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Kansas City: Road not paved with gold for Mountaineers

By Bob Madison - For the Chronicle | Mar 12, 2021


SHEPHERDSTOWN — Dorothy and Toto are not on this road to Kansas City. It’s more likely West Virginia’s Mountaineers will encounter a tornado or the Wicked Witch, instead of any gold pavement, when they embroil themselves in this week’s Big 12 Conference basketball tournament.

The game-filled last week of the regular season saw that. Instead of being ranked fifth in the country and standing alone in second place in the 10-school conference, the Mountaineer finished the awkward 2020-2021 season with an 18-8 record and dim 85-80 loss at home to Oklahoma State. The loss allowed both Kansas and Texas to move by WVU and settled the team into an uncomfortable fourth place. There was no more No. 5 national ranking and no more late-season spark in enthusiasm or body energy.

It’s true the Mountaineers played three games in five days, but if there is any winning success in the Kansas City-based tournament, they’ll be playing every day. And they’ll be on the road doing it.

With its record, WVU has done enough to already qualify for the 68-team NCAA tournament to be played entirely in the basketball-crazy state of Indiana.

A golden nugget in the way of vastly improved free throw shooting gives room for optimism and a stream of realism when it comes to speculating about the twin futures of the Big 12 tournament and then the NCAA March Madness chase.


Even before connecting on 73 percent of their foul shots in the loss to Oklahoma State, the Mountaineers made 28-of-32 free throws and 26-of-30 free throws in the two games previous to that.

The NCAA scenario at the foul line may not decide the winner or loser of a national tournament game, but a disheartening showing will almost always bring the heartburn of a loss.

At least the Mountaineers have a stable of usually steady scorers in Taz Sherman, Miles McBride, Derek Culver and Sean McNeil. Emmitt Matthews and Jalen Bridges are able to contribute in ways other than always scoring, with Bridges becoming an effective rebounder. Gabe Osabuohien is applauded for his defense, but is a liability when visiting the foul line.

Kansas City is rightly known for its mouth-watering steaks and other tempting midwestern food pleasures. If the Mountaineers defeated Oklahoma State on Thursday (yesterday) and then stop twice-beaten Baylor on Friday (today), they just might find a steakhouse willing to bring out the choicest of cuts to prepare the team for Saturday’s finals.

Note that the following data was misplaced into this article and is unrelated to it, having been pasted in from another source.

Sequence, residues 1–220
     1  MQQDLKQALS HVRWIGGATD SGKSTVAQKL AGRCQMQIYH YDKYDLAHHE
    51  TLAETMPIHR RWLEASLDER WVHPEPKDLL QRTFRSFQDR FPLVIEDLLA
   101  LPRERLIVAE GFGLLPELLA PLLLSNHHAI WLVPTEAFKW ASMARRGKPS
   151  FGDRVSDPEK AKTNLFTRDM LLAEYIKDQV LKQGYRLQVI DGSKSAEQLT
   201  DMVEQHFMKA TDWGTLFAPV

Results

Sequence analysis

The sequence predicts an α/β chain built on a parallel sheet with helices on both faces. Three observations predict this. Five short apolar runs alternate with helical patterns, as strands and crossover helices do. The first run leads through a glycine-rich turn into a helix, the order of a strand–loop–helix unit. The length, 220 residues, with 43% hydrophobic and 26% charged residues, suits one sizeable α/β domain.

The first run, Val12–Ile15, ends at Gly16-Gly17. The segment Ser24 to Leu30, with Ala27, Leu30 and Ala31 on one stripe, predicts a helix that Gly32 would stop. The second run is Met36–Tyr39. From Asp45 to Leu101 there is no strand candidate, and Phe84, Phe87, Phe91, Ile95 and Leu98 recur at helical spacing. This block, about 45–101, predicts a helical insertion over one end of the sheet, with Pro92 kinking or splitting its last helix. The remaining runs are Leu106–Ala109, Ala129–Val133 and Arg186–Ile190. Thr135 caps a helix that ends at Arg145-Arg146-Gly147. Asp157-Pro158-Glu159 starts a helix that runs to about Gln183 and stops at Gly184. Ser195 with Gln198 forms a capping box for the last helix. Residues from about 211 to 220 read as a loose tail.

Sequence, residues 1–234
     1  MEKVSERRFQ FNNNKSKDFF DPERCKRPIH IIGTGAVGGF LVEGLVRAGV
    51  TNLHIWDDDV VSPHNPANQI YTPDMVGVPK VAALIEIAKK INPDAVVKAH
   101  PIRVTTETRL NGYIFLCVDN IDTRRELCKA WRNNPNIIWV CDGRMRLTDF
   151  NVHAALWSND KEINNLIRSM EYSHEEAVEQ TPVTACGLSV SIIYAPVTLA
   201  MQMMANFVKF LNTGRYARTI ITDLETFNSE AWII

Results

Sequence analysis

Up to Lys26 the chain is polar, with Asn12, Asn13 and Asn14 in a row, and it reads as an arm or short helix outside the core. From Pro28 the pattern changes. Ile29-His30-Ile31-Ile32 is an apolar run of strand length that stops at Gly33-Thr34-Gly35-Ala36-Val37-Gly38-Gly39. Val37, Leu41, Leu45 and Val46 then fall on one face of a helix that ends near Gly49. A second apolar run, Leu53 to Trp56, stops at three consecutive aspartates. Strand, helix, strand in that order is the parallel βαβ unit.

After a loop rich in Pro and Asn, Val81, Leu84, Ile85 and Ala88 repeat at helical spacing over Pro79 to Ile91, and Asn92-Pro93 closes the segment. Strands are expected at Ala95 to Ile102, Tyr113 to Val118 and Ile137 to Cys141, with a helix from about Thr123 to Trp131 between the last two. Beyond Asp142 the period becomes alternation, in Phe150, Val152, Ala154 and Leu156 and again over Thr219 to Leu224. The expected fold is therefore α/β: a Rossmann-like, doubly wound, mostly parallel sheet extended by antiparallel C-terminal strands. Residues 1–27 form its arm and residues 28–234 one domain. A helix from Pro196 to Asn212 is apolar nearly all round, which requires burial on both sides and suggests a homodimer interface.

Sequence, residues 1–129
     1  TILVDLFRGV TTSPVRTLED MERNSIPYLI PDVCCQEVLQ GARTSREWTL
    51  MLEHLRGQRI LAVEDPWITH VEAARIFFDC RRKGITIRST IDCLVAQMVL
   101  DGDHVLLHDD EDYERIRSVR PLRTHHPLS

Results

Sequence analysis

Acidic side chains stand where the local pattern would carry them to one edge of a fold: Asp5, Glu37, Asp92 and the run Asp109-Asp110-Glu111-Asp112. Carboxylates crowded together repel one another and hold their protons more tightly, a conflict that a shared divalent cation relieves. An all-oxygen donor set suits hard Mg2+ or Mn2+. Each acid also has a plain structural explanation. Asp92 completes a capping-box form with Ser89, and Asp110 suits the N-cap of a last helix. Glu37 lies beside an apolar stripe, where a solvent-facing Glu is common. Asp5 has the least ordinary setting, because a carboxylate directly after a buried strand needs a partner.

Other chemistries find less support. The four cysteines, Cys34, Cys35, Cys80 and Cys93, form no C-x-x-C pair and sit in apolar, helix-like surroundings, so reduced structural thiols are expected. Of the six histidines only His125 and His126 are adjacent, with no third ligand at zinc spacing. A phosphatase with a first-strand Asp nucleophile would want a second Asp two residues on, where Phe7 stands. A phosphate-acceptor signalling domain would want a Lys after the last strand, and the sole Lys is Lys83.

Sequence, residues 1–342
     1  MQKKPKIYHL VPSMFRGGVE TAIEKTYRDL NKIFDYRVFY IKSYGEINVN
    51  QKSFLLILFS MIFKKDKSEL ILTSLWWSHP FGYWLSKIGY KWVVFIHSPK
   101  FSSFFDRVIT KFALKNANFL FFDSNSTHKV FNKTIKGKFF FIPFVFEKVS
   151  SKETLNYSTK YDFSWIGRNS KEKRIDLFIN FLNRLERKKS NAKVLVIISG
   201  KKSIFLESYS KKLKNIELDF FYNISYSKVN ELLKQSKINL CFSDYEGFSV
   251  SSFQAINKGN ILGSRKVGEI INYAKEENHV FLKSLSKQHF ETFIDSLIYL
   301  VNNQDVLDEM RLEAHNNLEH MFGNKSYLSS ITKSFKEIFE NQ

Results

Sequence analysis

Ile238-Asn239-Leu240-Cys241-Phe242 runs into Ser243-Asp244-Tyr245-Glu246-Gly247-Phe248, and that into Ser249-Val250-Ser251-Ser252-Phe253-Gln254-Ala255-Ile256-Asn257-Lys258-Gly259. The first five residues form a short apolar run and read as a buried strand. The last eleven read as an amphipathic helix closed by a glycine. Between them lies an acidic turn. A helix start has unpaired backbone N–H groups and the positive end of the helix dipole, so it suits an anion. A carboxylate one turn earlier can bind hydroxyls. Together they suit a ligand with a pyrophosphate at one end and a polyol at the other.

There won’t be any arena-wide cresting of noise here this week. The crowds will be limited and scattered wide because of the grip of the coronavirus. Kansas, the second-seed, won’t have the crackling enthusiasm of a packed house to spur it on this year.


There is the probability that seven of the league’s 10 teams will be selected to play in the NCAA tournament. It seems only TCU, Kansas State and Iowa State are in desperate need to win this Big 12 tournament to get into the NCAA event.

WVU coach Bob Huggins now has 899 career wins from his stints at Walsh (Ohio), Akron, Cincinnati, Kansas State and West Virginia. He is now 67 years old.

The roster for this team has only two seniors — Sherman and Osabuohien. Culver and others could decide to plunge into the professional ranks or leave through the “transfer portal” for what they or their confidants see as greener pastures.

Since their entrance into the Big 12, the Mountaineers have never won the conference tournament.

The roads in Kansas have never been paved with gold.

Baylor is the logical favorite, but the Bears just lost to quickly-rising Kansas — a team that has looked like it is using yeast here in March.

The so-called Selection Sunday is only two days away. No speculation as to where the selection committee will be sending your team. Every NCAA tournament game will be played in Indiana with diminished crowds dressed in masks with team colors and socially distanced.

The team winning the national championship won’t be too worried about any in-place protocols when it will come to celebrating.